And I piped in, “It’s a choice! A choice people can struggle with just like drugs or alcohol.” I said that trying to convince myself that it was a choice more than I was trying to agree with them.
It got me a lot of approving head nods. You know the one. The one old men do in church when the preacher says something they agree with. The slow, up and down motion with the occasional “Yea.”
But, as I listened to them talk about how they feel sorry for gay people and how they pray for them, something deep inside me stirred. I didn’t need their pity. I wasn’t broken. It made me feel uncomfortable that they thought I needed healing. But I didn’t dare say anything. I just sat back and gave the occasional head nod, lost in my own thought.
I have slowly been visualizing how I would tell my mom now that I’ve finally found myself. I have no doubt she would be shocked and, at first, probably not too happy. But, I know she will love me no matter what. She has always told us that.
Just the other day I called her to just shoot the breeze while I drove home from work. We got on the subject of the family and how it’s kind of different without her and me there (we don’t live in the same town as the rest of my family). They kind of stopped getting together for holidays and my sister even missed Christmas with them.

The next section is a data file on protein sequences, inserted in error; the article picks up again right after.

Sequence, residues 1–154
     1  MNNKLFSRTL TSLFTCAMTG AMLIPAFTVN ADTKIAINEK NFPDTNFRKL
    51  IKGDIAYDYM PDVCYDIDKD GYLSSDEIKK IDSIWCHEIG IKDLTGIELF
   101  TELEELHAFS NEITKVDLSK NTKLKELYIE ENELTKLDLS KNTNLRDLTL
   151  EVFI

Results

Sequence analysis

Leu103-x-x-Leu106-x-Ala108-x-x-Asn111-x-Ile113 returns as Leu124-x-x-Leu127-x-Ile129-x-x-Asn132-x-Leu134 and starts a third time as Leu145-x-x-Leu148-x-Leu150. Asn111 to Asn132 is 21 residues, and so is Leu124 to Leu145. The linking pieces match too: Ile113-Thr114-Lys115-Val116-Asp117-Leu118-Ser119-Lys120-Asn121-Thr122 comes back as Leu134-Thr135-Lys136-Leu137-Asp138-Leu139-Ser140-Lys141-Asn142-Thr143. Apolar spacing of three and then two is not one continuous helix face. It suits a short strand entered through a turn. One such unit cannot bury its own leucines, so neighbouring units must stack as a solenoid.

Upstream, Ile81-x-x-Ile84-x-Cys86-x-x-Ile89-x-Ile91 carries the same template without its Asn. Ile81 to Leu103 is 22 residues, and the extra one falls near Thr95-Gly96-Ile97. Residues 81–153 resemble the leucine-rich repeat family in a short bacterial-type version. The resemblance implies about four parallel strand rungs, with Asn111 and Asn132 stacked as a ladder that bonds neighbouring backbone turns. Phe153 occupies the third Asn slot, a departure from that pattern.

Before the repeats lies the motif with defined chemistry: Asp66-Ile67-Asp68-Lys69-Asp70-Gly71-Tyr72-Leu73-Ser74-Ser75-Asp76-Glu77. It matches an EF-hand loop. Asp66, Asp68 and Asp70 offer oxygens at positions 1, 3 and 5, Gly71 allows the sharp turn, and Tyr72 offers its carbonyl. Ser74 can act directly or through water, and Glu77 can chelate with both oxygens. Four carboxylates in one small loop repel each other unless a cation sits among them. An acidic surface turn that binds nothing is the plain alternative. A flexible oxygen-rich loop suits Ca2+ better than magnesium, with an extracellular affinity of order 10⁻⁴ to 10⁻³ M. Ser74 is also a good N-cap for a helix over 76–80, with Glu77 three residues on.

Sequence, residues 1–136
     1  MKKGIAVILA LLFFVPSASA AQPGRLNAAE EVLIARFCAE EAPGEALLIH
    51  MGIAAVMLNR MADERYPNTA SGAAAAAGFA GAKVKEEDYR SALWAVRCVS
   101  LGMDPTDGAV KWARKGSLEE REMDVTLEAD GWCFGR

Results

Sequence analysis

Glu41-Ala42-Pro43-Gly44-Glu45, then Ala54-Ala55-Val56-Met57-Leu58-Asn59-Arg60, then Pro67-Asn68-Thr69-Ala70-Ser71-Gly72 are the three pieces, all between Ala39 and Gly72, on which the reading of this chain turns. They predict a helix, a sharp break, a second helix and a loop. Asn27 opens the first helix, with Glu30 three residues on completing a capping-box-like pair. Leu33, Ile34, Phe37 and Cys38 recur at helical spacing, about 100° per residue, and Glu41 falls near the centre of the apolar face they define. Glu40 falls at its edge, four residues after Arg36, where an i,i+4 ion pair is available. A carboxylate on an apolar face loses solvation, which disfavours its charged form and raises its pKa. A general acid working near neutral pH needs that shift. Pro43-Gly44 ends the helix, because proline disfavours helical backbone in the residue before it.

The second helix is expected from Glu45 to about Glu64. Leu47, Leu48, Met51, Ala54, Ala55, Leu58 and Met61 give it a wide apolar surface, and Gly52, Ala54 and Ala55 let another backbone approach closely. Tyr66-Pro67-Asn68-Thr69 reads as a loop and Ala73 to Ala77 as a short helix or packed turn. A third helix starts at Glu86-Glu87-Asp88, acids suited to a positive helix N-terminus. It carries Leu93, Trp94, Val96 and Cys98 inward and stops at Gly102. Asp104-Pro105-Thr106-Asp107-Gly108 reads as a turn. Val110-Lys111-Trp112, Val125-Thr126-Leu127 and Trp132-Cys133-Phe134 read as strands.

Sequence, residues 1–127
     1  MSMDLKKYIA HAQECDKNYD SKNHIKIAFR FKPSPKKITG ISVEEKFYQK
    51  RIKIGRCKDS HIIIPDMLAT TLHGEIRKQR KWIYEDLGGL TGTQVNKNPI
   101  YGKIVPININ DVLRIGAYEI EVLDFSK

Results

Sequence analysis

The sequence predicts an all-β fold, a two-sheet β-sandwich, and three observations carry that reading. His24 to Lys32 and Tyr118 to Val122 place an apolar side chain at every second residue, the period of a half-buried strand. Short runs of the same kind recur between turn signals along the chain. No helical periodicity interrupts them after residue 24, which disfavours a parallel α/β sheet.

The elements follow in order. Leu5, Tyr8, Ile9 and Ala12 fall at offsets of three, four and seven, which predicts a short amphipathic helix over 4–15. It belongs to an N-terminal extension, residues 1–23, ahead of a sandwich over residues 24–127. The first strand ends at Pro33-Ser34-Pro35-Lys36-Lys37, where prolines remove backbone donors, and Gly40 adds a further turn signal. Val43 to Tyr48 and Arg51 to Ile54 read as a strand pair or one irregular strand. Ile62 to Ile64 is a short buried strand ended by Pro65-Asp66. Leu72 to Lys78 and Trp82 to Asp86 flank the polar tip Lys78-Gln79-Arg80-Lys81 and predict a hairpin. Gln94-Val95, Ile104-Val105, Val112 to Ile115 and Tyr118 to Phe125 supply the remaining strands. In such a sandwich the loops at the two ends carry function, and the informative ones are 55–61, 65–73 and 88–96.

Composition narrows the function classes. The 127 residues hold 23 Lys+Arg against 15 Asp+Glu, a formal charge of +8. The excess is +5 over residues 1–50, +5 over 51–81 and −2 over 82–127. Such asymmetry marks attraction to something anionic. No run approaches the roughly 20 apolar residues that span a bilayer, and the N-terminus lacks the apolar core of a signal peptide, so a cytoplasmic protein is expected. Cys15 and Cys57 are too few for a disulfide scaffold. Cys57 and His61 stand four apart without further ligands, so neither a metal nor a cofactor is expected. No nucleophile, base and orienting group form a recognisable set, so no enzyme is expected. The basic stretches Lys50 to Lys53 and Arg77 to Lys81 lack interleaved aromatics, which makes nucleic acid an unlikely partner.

I asked her how my sister was doing and she told me she had gotten distant and how they never really saw her. Somehow we got on the discussion of my sister and my cousin who is gay and living with another woman.
“She doesn’t want him (my nephew) to be around that,” the words dropped like an atomic bomb in my soul.
It broke my heart. I kept my cool and just let out an exasperated, “Why?”
“She’s just uncomfortable with it,” she said. In that moment I wanted to call her and explain to my sister what it was like. I wanted to tell her how I felt and how I think. I wanted her to understand. But, I couldn’t.
I had known she didn’t really like it. She had told me before that she thought it was weird, but I thought once my cousin showed she was serious and that they were in love, she would see that it wasn’t weird. I thought she would learn that people can’t help who they fall in love with.
I have two sisters. The other one is no better on the issue. A few months ago we were talking about my cousin and she thinks it’s “gross.” She says she doesn’t understand how people can do “that.” I sat back and listened and let out the occasional, “yea.” All the while thinking to myself, “How can I do this?”